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Literary Devices in A Doll's House

Conflict: Ibsen includes both internal and external conflict in “A Doll’s House” in order to advance the narrative and keep the audience interested and engaged. External conflicts between Nora and Torvald, or Nora and Krogstad, further the plot and help create a lively play that more closely resembles the conflicts we face in daily life. Internal conflicts, like Torvald’s contradicting desire for Nora to be reserved and wild, or Nora’s decision about whether to tell her husband about her forgery, help us to more deeply understand personal motives, values, and emotions.

Foreshadowing: Ibsen uses foreshadowing in the play to build dramatic tension. Nora’s dialogue in particular often clues the audience or reader into her future actions and decisions, but without sacrificing any mystery or suspense. Likewise, from the very beginning, Torvald’s dialogue is carefully constructed to foreshadow his responses to finding out about Nora’s deception and forgery.

Foil: A foil is a literary character who contrasts another character in order to highlight certain aspects of the other character. Ibsen uses characters like Mrs. Linde and Krogstad as foils for Nora and Torvald in order to offer a vision of a relationship in which there is both equality and compromise. Refuting traditional gender roles of the time, Mrs. Linde can be strong and independant because these are characteristics that Krogstad recognizes and appreciates without feeling devalued. Mrs. Linde and Krogstad’s relationship allows each partner the freedom to be honest, authentic individuals.

Literary Devices Examples in A Doll's House:

Act I

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"It's not true. It can't possibly be true...."   (Act I)

In traditional Romantic dramas, soliloquies—speeches wherein characters reveal their inner thoughts out loud—were the primary way of offering insight into characters’ feelings and intentions. The “to be or not to be” speech in act III, Scene I of Shakespeare’s Hamlet, wherein Hamlet contemplates suicide, is a famous example of a soliloquy. Though Ibsen largely rejects traditional dramatic techniques in his works, he makes use of the soliloquy at the end of Act I and throughout the play to offer audiences the chance to see Nora’s inner thoughts and imagination at work.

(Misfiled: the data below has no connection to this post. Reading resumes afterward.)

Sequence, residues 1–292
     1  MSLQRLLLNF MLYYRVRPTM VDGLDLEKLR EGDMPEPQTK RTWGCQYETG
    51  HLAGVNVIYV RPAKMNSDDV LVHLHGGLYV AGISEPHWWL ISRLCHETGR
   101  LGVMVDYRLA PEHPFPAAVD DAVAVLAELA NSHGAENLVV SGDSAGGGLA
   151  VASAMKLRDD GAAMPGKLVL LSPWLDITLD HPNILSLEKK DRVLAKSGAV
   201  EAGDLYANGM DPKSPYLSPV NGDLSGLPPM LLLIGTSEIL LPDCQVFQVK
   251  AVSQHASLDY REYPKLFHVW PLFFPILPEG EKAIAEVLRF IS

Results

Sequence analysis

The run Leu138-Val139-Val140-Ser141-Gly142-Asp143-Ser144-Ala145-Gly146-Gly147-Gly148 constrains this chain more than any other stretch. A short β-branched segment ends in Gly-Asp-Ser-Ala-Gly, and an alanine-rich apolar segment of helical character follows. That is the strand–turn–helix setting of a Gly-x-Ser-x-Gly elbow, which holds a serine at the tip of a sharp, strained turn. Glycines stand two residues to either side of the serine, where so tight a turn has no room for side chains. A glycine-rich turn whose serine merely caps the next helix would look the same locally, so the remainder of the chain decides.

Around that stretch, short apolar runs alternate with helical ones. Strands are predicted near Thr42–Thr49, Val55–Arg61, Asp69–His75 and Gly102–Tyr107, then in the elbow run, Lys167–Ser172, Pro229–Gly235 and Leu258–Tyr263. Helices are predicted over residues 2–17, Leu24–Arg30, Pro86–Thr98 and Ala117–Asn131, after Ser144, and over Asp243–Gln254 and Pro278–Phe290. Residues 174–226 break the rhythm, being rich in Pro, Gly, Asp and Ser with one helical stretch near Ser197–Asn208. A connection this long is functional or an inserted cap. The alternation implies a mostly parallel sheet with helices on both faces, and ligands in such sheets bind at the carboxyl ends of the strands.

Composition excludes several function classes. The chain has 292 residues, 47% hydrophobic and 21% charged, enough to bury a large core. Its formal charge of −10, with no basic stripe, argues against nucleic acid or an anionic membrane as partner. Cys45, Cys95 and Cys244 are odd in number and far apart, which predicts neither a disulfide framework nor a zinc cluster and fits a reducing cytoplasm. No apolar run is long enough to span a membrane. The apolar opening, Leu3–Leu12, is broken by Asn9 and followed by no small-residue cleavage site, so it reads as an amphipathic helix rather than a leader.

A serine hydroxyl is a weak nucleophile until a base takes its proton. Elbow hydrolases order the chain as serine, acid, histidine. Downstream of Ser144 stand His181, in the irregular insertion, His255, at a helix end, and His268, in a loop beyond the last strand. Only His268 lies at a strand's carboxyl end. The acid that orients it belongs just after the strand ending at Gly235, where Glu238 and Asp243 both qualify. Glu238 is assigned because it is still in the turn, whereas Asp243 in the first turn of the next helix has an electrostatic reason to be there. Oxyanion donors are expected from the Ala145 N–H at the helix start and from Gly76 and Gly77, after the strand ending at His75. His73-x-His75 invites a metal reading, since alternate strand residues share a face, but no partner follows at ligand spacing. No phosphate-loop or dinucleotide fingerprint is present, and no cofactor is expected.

"[MRS. LINDE starts, trembles, and turns to the window.] ..."   (Act I)

The stage directions reveal Mrs. Linde’s emotional reaction to Krogstad’s entrance. Rather than joining the conversation and making her presence known, she turns to the window, effectively hiding her identity. To tremble is to shake involuntarily, typically due to fear or excitement. For a live audience, these actions would foreshadow Krogstad’s importance as a character.

"But—the doctor?..."   (Act I)

This exchange about Doctor Rank adds realism to the dialogue while also introducing contextual information. Mrs. Linde has not been a part of the Helmers’ lives so this conversation provides an occasion for Nora to explain things that might otherwise seem obvious, such as the distinction that Doctor Rank is a family friend and not Torvald’s physician.

"[laughing]...."   (Act I)

Notice the way that Ibsen characterizes the physical interactions between Nora and Torvald. Torvald seems to find Nora’s antics amusing, and he smiles and laughs at her. He also puts his arm around her waist, emphasizing her stature, both verbally and physically smaller than his own. On the other hand, Nora is characterized as nervous and subservient, speaking quickly, avoiding eye contact, and fidgeting.